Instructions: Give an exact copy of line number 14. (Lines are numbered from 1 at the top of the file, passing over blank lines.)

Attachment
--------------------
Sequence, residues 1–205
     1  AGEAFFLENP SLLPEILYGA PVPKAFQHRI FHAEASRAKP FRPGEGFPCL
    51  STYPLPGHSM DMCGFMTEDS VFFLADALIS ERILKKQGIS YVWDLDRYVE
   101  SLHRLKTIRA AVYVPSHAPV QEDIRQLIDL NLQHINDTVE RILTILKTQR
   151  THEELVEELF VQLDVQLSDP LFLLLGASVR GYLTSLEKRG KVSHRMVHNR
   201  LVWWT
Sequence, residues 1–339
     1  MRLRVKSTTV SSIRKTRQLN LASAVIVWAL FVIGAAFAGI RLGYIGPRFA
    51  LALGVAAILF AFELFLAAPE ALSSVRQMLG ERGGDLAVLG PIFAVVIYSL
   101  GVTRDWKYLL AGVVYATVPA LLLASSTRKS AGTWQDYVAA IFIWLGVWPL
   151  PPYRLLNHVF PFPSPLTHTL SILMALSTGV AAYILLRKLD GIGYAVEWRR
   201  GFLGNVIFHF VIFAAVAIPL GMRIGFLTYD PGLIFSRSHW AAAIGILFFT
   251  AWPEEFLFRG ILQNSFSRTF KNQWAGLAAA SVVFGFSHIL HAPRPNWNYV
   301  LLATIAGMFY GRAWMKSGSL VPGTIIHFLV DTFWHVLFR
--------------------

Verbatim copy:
   301  LLATIAGMFY GRAWMKSGSL VPGTIIHFLV DTFWHVLFR